Dark, somber looks aren't the only game in town. Think chic, sophisticated, real-life clothes and airily beautiful ones, for instance.
Yves Saint Laurent: On the one hand, defiant alternatives to overt trend mongering are essential, and Stefano Pilati deserves praise for picking up that mantle. His still-in-development vision for Yves Saint Laurent is that of a house dedicated to grown-up, sensible sportswear. Quirky blouses done up with pert jabots, and tulip skirts aplenty are just the sort of fanciful, dressed-up daywear that should keep Pilati's fashion-y clients plenty pleased.
On the other hand, he has yet to find his comfort zone. The collection he showed for fall bore no visible connection to the work of Saint Laurent the man, and was weighted down with a feeling the French would call lourd — heavy. Weighty fabrics and some too-obvious decoration made for heaviness of mood and appearance, delivered with precision polish that looked — probably unintentionally — more than a bit Eighties.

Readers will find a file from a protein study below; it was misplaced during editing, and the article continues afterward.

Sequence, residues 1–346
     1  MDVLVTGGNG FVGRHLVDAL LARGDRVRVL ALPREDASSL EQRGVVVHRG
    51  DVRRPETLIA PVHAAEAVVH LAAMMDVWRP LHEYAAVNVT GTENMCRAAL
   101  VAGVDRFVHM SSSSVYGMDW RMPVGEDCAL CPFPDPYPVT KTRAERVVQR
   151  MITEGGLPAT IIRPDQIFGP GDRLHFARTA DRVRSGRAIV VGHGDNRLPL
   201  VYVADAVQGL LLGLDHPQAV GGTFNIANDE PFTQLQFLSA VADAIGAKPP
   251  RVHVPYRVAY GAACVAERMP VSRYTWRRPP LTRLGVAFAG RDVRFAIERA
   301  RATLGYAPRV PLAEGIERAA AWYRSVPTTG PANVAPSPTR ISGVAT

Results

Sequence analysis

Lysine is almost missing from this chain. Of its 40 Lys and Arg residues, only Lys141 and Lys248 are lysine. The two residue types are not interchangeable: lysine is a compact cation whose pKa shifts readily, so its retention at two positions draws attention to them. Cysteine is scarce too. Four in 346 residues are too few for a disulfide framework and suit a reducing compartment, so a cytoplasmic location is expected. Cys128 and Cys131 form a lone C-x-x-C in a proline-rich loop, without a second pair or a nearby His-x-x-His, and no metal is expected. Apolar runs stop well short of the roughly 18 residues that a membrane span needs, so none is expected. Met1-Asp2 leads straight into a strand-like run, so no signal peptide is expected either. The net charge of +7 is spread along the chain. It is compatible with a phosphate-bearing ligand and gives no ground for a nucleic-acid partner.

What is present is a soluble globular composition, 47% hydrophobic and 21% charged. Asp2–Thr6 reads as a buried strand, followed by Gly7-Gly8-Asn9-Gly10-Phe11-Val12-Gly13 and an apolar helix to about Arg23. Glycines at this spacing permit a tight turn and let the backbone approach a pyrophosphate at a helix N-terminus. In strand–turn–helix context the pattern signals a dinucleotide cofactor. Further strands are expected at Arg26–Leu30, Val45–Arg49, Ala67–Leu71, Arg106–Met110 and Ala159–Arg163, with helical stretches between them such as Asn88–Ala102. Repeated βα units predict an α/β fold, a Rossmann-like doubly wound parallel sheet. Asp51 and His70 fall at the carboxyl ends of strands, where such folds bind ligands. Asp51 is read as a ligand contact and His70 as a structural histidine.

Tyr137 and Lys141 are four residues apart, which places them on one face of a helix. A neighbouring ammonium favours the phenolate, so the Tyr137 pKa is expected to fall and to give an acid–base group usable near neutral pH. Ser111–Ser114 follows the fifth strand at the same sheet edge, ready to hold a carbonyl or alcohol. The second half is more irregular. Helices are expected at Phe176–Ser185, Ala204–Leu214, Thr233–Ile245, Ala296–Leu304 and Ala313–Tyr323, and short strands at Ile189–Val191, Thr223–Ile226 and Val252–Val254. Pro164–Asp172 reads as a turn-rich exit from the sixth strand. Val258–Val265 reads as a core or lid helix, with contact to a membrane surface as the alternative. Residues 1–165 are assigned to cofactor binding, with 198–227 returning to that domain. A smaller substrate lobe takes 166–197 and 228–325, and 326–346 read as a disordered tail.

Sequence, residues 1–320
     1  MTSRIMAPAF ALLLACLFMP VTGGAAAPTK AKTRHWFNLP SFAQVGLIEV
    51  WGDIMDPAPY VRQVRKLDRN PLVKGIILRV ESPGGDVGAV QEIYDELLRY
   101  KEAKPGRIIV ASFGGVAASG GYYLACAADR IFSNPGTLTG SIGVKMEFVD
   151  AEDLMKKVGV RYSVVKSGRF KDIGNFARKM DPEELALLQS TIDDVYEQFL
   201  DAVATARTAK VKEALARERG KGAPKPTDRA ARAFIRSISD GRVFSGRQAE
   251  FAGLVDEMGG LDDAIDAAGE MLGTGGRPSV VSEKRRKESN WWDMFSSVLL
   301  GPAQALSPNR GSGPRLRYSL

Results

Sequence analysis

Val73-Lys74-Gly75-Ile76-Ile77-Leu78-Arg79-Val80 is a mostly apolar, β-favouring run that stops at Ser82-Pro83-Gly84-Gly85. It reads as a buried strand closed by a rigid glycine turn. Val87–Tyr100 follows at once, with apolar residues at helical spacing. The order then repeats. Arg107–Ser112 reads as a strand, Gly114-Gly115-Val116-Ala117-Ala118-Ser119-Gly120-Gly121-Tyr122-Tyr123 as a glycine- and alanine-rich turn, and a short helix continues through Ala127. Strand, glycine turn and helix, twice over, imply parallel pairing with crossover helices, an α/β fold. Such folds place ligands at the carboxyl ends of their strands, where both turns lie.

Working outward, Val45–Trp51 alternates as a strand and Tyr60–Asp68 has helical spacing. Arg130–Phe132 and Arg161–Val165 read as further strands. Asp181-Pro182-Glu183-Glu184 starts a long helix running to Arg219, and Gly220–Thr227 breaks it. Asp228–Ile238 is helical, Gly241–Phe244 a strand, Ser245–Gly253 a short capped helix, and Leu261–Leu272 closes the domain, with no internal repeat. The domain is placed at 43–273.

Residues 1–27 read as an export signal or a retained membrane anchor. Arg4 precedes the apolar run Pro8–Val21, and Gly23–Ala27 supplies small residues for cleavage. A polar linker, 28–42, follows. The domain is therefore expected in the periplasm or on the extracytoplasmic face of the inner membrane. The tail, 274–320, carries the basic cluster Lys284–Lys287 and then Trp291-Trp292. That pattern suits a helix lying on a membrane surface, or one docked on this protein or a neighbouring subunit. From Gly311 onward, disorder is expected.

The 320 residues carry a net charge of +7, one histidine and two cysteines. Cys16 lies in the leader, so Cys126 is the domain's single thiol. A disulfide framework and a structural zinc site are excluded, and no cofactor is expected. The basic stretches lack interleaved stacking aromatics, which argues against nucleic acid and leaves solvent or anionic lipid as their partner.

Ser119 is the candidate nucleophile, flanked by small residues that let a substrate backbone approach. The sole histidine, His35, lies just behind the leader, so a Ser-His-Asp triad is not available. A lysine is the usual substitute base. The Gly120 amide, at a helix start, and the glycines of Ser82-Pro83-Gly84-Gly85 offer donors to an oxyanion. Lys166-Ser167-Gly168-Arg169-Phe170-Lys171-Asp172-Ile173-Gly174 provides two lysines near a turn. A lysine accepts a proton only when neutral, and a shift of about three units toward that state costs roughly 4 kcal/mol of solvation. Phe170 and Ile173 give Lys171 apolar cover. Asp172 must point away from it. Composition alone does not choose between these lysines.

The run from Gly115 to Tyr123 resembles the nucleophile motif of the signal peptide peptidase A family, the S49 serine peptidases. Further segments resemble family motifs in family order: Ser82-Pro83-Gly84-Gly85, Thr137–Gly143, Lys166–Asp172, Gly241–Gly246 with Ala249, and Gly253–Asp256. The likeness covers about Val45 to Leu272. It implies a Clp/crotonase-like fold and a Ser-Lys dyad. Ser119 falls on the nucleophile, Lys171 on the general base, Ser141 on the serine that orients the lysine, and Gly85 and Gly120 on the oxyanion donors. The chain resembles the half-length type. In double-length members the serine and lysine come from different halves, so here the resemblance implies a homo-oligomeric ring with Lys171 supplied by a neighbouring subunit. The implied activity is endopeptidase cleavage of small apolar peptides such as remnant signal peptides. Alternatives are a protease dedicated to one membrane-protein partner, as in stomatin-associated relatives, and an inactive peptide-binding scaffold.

He cut thick tweeds in well-rounded jackets and balloon skirts. He trimmed oversize coats with spiky black spines and stiff minidresses with lengths of slinky gold chain. There was more gold to be found, flecked in the hem of a mini or tiled into eccentric Egyptian-esque evening tunics, which were worn over matching sheer pants. The finale: a hot pink number worn with a cape of roses. Too often the complications superseded the chic. But one sensed that beneath the stiff pomp lurked a chic collection struggling to fight its way out.
Rochas: Olivier Theyskens lives by an ethos of calm — something of an anomaly in fashion. That tranquility manifests itself dually in his work, both in his pensive, graceful aesthetic and in the manner in which he has chosen to develop the Rochas business.
While much of his competition jumps from one seasonal theme to the next, Theyskens has been content to refine the gentle melancholia that has become his signature — and which, by the way, has turned into a major influence. At the same time, he started getting serious about day clothes only last season. For fall, he developed them further, while delivering his signature moodiness sans the aggression seen elsewhere.
Hermès is launching a Laundromat pop-up shop in NYC - dubbed Hermèsmatic - where customers can bring their old scarves to be dip-dyed by an expert. Get all the details on WWD.com. #wwdnews (📷: @donstahl)